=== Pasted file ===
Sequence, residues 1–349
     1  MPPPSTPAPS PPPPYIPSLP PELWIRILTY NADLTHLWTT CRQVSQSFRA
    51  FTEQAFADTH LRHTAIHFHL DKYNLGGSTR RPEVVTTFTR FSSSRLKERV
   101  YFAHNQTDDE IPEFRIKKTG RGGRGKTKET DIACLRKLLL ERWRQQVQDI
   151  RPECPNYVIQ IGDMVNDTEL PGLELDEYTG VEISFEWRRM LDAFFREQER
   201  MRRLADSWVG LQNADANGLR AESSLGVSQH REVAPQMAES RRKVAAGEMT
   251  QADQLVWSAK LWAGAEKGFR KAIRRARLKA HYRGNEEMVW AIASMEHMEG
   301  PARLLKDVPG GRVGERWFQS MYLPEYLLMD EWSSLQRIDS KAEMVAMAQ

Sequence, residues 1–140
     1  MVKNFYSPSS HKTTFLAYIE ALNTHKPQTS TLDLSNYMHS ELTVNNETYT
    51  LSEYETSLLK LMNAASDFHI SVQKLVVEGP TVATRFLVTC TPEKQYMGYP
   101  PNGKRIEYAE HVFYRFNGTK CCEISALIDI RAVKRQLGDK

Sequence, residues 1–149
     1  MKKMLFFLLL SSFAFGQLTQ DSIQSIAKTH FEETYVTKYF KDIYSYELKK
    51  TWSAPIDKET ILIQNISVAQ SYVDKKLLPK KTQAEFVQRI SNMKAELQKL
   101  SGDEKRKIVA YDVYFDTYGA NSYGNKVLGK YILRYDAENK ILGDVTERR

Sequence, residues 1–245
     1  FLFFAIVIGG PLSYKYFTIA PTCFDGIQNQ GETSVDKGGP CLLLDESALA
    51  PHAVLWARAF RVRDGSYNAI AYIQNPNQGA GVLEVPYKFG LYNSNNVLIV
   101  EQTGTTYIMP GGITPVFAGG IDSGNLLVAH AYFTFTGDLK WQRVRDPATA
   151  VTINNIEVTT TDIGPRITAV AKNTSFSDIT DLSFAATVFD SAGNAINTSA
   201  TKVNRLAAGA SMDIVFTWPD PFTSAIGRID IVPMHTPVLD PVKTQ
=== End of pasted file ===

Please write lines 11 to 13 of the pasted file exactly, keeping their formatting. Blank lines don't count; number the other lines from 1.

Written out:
    51  LSEYETSLLK LMNAASDFHI SVQKLVVEGP TVATRFLVTC TPEKQYMGYP
   101  PNGKRIEYAE HVFYRFNGTK CCEISALIDI RAVKRQLGDK

Sequence, residues 1–149